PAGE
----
This time, as the end of my contract approached, I actually was in a position where my mobile usage had changed and I had a lot of data on what my usage was. I knew I never came near my data limit and that I used a mere fraction of the huge number of texts I was allowed. With this in mind I found a deal with another provider that I intended to get three to match as I fully intended to stay with them.

This is where the problems began. As I called three and told them they told me that I was using considerably more data than I was aware of. I agreed to a rolling one month contract while they came back with an offer on a handset I wanted. I also checked my data and found out they had lied to me. Still, I was going to give them the benefit of the doubt and I called them back. I got passed between pillar and post and offered a string of deals and tariffs that were patently unsuitable. I repeatedly told every advisor I talked to I never really texted and was repeatedly offered contracts with multiples of thousands of texts. I told them which mobile I wanted and was offered one that was nothing like it. I told them what deal I had found and was assured that they would match it.

They couldn’t. I cancelled my contract. They called me back and offered me something else that was nothing close in terms of handset and massively inappropriate in terms of text. I hung up. They called back and I told them not to call back unless they could match the deal exactly. A manager called back and told me they could match the deal, I told him how to locate it and he informed me that the internet was blocked in the call centre and all deal matching was done via a spreadsheet that he couldn’t edit. This whole process wasted the best part of a week for me. I told them I was still leaving and fully intended to switch to the cheaper deal I had seen. Then a funny thing happened. I had the PAC code in my phone (I was cancelling and taking my number with me) and was walking through Tescos. They had an even better deal than the one I had seen. I had a phone I had cancelled and the ability to transfer my number there and then. Sometimes life works out just right.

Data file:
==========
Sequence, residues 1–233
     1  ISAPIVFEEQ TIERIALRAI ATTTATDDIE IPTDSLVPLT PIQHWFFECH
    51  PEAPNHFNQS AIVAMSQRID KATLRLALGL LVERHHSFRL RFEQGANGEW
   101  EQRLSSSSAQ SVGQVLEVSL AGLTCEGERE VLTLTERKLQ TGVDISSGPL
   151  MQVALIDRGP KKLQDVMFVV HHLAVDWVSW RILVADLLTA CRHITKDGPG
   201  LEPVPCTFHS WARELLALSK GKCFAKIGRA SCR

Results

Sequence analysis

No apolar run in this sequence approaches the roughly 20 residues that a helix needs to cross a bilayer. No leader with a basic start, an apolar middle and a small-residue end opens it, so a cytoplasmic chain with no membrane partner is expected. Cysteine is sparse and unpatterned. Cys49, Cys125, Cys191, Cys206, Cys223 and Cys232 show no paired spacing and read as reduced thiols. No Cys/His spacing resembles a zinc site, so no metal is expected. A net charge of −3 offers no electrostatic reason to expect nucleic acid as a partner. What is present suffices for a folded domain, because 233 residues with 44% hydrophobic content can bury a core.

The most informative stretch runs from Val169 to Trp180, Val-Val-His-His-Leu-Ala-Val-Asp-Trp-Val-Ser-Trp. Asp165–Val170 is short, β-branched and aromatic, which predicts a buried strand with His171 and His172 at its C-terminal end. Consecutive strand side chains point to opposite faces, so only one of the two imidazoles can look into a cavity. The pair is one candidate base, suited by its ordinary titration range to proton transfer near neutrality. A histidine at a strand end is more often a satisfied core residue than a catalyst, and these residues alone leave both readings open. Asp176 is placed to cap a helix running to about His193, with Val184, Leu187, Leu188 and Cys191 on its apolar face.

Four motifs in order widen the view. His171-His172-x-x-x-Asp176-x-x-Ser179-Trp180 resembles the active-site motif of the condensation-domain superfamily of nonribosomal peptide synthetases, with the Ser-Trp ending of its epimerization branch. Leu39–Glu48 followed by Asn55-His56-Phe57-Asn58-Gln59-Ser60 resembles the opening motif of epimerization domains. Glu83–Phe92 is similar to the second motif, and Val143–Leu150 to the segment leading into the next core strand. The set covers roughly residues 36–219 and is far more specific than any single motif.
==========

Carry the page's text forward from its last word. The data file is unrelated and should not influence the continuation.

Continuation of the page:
Three: nine years and they don’t even know if they’re going to lose a customer or not because they have no way of telling if they can price match or not. They lie about usage and offer utterly inappropriate deals. They listen to what handset you want and suggest one massively different anyway. If they can’t retain, their support is notoriously not good and their phone range is limited, how do they hope to grow to where they want to be?